Philippians

The prize, 3:4-11.

 
Introduction

The particular passage before us is part of a larger section where Paul warns the church about false teachers, 3:1-21. Unlike the members of the circumcision party who continually trouble the church with their work-based piety, Paul has willingly abandoned his reliance on law-obedience to access the fullness of God's promised new life, and now looks to God's grace in Christ, and this through faith.

 
The passage

v4. Having warned the Philippians to keep clear of the "mutilators of the flesh" (members of the circumcision party, law-bound believers), Paul points out that if anyone has the right to claim any status in the presence of God it is he himself.

v5-6. Paul goes on to detail the quality of his legalistic righteousness: his race (Israel), religion (temple worship), law-obedience, ritual and legal purity (Pharisaic traditions).

v7. Yet, Paul states that he regards his religious purity, encapsulated in his obedience to the law, as nothing and this because of his association with Christ. He regards this "confidence in the flesh", v4, as mere refuse/valueless, for the sake of Christ.

v8. In fact, as a believer, Paul regards "everything" of little value in comparison with the far greater worth, the supreme advantage, of knowing Christ - "knowing" in the sense of understanding and experiencing him. It is not just his religious purity that Paul regards as refuse, but "even of esteem and friendship and enjoyment and rest and relations", Greijdanus. Paul casts away everything, because first of all, to gain Christ is of far greater value.

v9. Paul sets aside his self-righteous purity because, to be found in Christ is of far greater value. He is happy to throw "everything" away and rely on the righteousness that is his in Christ - the right-standing that is his before God because of his union with Christ through faith.

v10-11. To be found in Christ is to know Christ, to experience an intimate association with him. We experience this knowing of Christ in the following terms: First, through his power - we experience the power that raised Christ from the dead, a power that aids us in our struggle with the realm of darkness; Second, through participation in Christ's suffering on our behalf - we experience forgiveness of sins. Paul then expands the idea of a believers identification with Christ in the terms of dying with him, "becoming like him in his death, and rising with him, "attaining to the resurrection of the dead." It is this identification with Christ's death and resurrection that gives us our eternal hope.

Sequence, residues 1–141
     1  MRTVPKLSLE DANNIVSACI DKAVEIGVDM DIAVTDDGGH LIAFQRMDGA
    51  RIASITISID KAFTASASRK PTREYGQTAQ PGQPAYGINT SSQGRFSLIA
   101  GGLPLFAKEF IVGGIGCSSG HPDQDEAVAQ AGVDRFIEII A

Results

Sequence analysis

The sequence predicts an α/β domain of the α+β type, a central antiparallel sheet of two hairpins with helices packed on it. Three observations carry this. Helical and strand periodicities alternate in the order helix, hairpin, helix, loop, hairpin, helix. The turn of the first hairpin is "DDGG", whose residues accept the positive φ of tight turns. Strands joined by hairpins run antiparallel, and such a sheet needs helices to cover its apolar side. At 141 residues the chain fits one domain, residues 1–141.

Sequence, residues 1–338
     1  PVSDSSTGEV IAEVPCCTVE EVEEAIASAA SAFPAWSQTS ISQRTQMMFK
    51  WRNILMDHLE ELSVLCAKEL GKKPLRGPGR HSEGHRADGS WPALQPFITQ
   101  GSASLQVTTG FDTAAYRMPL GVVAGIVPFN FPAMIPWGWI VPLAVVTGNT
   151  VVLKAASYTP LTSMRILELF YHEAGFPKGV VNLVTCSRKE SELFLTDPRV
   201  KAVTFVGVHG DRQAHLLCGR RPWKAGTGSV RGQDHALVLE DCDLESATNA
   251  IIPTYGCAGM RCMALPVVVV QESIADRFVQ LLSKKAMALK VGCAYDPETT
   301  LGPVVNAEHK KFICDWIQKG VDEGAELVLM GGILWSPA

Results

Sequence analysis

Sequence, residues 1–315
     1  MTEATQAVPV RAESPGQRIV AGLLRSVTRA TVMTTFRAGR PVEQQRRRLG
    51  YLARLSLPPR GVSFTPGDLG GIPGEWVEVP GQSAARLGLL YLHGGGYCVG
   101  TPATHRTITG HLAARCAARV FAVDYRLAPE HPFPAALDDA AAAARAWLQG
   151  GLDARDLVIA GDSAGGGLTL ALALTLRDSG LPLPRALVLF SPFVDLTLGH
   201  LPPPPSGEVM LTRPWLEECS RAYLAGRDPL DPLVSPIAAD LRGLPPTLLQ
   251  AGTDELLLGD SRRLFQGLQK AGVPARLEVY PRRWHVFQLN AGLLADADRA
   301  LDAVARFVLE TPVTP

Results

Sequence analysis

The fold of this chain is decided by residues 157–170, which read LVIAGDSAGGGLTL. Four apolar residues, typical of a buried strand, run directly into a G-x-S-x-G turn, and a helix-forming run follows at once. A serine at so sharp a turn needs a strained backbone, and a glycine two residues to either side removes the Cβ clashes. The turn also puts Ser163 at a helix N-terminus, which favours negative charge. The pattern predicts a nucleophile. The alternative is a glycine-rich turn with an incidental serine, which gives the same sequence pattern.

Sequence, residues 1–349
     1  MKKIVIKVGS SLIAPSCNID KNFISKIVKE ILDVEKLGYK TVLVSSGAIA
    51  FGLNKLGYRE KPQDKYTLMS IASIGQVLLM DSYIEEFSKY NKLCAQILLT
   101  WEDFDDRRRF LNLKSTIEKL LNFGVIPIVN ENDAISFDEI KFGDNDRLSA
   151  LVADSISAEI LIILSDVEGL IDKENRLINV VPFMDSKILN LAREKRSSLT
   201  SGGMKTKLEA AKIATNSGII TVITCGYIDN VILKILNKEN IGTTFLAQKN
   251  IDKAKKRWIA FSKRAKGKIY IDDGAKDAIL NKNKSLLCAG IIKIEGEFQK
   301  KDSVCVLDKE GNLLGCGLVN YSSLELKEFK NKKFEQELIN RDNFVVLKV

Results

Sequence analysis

Discussion

1. What should we consider lost for the sake of Christ?

2. What is the righteousness that comes by grace through faith, and what is the righteousness that comes from the law?

3. What does it mean to "know" Christ?

4. In what way is the "power of Christ's resurrection" operative in our lives?

5. In what way does the suffering of Christ affect us?

 
The gift of surpassing greatness

All I want is to know Christ in the power that is evident in his resurrection.

When Tony Hancock, the English comedian, came to Australia, it was the end of the road for a brilliant man. He took his life in a motel room and left a note to all those who loved him; "things seem to go wrong too many times". He had reached the end. He could never surpass his brilliant pieces like the "Radio Ham"; it was all downhill from there. Life seems to have this shape to it. We all have a moment of beauty, of brilliance, and from this height we slip into regret. Yet, for a believer, there is a different perspective to life. Regret but reminds us of a brilliance which is eternal in its realization; a brilliance found in knowing Christ.

What a wonderful word is "know". The Bible often uses it of the marriage relationship where "a man knows his wife." Is it not amazing that we are to see our relationship with Christ in the terms of such an intimate union? Since "God is love" we know him in his love for us, a love which is expressed in mercy. So, we strive to know Jesus in his forgiveness, and we respond toward this grace in repentance and faith. The intimacy of our union with Christ is something we have yet to experience in its fullness, yet even now we can taste of his love, and so we pant after it as a deer pants after streams of fresh water.

 
1. Knowing Christ in his death

We know Christ when we participate in his death. We have died with Christ. Our old life is hid with him, on the cross, on the tree. Our sinfulness is no longer counted against us by God; the curse of sin no longer hangs over us. God no longer sees the stains of our sin when we are hidden in Christ.

 
2. Knowing Christ in his resurrection power

We know Christ in the power that raised him to life. So many in the church today seek power: power to heal, power to witness, power to work miracles. Yet, the power we must seek is the power of the indwelling Spirit of Christ, renewing and enlivening our very beings. We have risen with Christ, and as we look to our risen Lord, so his life-giving power gives life to our mortal bodies, life now and eternal - we begin to live a Christ-like life, we begin our eternal journey.

 
Response:

Let us, like Paul, long to know Christ, accessing the power of his resurrection, sharing the benefits of his suffering.

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